65. I’m moving to west Africa in 2 weeks and this has been the question for me. If I can avoid having to take malaria medication, I will! I’ve heard that eating a match head a day will ward off anything that bites. Anyone else have an opinion on sulfur?

  66. Commenting on sulfur, I used to chew match heads back in ranger school in the deep woods of Georgia. I have no hard proof, as the bugs might have just gone away, but it may have worked. It certainly didn’t hurt, and I know there’s brand name repellant called “chigg away” that’s just sulfur ( but is topical). It’s definitely a cheap option to try!

  67. OIl of lavender has always worked well for me and my dogs. It repels biting flies also.

  68. I’ve never really been one to get bitten much – I recall a couple of friends and I went to Spain, one had the nets, the repellant spray, the cream, everything, and he got eaten alive. I slept with the shutters and windows open, no spray and got bitten once, in the first day – clearly I’m not tasty!!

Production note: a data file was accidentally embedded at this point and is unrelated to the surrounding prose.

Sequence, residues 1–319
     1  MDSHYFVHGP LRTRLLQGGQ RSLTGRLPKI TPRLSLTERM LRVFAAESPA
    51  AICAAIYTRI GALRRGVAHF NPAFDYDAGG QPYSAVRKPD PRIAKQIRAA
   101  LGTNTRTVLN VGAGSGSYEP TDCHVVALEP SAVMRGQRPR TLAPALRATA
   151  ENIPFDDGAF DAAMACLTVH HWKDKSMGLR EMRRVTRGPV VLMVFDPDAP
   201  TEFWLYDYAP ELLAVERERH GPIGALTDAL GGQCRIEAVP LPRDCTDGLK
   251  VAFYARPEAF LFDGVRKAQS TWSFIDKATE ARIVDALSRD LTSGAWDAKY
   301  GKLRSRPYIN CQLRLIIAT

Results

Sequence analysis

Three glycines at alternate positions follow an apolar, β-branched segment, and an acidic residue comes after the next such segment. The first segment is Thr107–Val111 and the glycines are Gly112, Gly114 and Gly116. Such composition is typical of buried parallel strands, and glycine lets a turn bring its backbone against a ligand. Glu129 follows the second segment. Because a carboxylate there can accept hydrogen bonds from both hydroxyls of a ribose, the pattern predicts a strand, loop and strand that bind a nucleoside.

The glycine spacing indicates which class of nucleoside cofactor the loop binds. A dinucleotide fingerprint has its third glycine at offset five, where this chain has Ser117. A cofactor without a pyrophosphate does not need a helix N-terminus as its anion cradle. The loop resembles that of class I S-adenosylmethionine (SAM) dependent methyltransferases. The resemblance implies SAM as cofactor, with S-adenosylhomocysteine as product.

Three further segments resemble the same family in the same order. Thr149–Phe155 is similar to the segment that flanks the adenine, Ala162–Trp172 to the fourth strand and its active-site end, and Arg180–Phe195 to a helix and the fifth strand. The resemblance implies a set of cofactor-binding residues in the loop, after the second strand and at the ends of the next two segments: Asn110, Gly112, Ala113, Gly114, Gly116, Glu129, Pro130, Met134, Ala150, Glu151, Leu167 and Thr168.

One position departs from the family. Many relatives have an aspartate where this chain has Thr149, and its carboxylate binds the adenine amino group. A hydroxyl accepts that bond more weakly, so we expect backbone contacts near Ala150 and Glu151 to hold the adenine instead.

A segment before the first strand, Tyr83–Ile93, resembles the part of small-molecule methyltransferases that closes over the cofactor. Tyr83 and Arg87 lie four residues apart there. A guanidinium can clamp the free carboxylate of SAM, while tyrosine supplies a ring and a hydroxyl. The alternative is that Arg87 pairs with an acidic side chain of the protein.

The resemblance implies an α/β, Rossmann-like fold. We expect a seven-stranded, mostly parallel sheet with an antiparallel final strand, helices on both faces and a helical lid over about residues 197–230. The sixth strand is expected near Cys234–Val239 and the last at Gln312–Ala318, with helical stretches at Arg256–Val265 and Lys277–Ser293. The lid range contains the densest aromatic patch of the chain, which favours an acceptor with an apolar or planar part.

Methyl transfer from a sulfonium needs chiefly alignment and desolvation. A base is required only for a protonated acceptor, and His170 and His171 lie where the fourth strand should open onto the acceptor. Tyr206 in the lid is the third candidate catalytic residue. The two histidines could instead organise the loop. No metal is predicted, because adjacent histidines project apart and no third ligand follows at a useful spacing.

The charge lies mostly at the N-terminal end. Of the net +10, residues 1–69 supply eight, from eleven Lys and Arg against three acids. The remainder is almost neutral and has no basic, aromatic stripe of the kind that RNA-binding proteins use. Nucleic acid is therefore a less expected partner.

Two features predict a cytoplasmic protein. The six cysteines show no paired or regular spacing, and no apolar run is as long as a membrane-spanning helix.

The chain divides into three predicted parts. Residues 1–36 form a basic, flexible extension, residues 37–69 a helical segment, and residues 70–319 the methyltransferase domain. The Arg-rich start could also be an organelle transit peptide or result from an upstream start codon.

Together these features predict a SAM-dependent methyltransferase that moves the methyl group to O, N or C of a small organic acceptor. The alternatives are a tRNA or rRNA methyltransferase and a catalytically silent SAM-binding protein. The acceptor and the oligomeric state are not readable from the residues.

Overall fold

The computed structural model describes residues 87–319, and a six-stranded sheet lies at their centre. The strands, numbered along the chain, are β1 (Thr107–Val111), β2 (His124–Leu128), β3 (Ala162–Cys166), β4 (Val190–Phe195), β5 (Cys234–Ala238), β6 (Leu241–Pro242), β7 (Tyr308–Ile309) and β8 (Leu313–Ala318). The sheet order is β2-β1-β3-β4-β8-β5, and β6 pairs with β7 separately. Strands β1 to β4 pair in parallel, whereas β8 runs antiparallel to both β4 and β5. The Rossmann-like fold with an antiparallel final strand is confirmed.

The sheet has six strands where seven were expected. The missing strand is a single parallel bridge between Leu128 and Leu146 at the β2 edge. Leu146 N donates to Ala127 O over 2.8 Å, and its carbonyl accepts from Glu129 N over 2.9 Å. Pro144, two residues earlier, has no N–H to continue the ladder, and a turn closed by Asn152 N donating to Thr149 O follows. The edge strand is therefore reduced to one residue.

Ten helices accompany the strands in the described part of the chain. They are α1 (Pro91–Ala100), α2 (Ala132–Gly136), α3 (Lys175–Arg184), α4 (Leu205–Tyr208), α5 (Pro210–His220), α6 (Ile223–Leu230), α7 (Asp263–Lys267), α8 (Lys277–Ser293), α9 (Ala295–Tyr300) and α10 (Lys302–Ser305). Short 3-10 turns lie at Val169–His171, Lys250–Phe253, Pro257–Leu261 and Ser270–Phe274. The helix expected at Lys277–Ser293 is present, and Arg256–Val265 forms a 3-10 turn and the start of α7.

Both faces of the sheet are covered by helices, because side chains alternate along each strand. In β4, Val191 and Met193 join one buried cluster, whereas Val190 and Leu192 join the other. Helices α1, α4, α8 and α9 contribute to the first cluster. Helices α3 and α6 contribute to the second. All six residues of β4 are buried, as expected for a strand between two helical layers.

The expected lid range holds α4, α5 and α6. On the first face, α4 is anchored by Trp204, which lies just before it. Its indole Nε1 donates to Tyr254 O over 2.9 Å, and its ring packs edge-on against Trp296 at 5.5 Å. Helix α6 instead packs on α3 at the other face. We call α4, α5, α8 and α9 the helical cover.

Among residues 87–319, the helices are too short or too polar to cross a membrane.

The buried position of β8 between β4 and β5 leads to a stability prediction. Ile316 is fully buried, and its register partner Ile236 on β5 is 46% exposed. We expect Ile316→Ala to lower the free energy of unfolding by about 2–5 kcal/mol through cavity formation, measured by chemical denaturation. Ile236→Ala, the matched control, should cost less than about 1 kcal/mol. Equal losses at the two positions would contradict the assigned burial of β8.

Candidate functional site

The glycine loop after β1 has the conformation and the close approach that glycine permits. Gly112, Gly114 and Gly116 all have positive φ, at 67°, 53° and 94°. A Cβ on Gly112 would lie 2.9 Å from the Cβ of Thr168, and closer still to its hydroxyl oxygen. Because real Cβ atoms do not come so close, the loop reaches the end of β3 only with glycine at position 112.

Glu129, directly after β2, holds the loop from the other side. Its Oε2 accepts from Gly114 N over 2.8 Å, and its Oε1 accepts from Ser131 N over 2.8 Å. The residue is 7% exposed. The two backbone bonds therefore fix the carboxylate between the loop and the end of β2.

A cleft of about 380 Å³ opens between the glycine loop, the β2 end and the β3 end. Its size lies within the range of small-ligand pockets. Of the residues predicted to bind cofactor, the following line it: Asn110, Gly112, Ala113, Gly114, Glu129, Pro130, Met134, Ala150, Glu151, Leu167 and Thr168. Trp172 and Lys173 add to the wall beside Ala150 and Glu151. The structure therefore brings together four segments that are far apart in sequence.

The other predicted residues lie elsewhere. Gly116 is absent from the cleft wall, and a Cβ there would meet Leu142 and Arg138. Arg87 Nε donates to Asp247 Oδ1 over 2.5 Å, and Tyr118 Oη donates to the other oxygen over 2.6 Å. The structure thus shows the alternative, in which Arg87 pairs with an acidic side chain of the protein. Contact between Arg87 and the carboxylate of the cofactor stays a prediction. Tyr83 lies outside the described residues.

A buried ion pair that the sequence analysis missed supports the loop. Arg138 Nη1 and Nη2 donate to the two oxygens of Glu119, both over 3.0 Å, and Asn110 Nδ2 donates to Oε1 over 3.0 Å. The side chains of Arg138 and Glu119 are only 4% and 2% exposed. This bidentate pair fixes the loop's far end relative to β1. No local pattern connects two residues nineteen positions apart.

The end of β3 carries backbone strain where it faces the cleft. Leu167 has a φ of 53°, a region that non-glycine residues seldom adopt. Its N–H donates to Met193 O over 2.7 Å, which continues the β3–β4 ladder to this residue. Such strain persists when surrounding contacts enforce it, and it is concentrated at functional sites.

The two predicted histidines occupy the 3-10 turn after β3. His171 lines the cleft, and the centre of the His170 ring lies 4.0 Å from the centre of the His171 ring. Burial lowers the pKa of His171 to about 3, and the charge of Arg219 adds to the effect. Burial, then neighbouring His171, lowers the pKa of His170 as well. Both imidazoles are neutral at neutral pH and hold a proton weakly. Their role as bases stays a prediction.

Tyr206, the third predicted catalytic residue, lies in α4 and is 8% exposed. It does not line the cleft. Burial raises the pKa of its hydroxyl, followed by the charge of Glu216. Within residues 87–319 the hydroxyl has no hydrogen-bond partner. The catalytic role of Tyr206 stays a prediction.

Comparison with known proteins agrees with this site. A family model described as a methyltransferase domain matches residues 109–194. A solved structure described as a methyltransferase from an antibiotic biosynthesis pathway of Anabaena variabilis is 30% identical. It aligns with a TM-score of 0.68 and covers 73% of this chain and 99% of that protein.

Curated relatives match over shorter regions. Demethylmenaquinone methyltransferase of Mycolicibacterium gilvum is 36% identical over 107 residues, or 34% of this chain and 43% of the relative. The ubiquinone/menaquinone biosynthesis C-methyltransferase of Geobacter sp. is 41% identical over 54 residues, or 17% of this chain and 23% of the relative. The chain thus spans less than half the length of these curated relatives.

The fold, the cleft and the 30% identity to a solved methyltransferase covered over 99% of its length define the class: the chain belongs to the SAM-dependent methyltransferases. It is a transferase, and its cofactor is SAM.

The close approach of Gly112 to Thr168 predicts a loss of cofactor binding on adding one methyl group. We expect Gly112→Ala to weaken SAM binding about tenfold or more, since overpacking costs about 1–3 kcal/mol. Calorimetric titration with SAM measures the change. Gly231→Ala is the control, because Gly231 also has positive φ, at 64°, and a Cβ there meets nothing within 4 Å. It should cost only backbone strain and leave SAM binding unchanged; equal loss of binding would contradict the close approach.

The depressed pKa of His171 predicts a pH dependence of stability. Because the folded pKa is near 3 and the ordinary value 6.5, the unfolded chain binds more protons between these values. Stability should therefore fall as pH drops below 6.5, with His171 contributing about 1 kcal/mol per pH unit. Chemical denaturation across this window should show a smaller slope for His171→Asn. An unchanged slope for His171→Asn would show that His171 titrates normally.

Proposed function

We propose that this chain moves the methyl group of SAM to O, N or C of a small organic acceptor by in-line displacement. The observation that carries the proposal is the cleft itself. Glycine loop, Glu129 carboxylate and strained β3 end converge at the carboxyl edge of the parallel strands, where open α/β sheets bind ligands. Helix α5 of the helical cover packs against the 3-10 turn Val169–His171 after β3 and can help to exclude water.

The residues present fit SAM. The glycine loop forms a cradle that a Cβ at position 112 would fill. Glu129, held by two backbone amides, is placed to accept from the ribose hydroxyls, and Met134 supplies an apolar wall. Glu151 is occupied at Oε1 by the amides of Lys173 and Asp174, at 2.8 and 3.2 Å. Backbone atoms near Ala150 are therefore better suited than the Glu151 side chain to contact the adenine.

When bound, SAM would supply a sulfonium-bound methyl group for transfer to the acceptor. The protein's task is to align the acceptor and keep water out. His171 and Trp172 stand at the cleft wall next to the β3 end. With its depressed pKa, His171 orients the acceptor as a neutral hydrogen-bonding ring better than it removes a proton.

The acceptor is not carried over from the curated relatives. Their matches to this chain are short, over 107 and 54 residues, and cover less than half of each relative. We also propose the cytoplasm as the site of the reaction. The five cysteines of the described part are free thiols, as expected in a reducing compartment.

Found witch hazel works for midges (probably the same thing, but they’re a menace in Scotland) – went on a camping trip as a teenager. I didn’t get bitten, but most other people did. One girl borrowed my witch hazel spot stick then realised after that, she didn’t get bitten on her face again..the local chemist was sold out an hour later 😀

  69. Garlic supplementation is supposed to work against ticks, so much so that the Swedish defense hands them out to soldiers, because borreliosis used to be a huge problem after field maneuvers.

  70. What repels mosquitos may nor repel flies and vice versa.

    While traveling through Africa my wife and I mixed Eucalyptus Oil in baby oil (stuff you put *on* babies, not made *from* babies) and gave it a good shake before dabbing on our skins. Did the same with Citronella Oil and both worked fine. I can’t smell citronella without thinking of camping in Africa.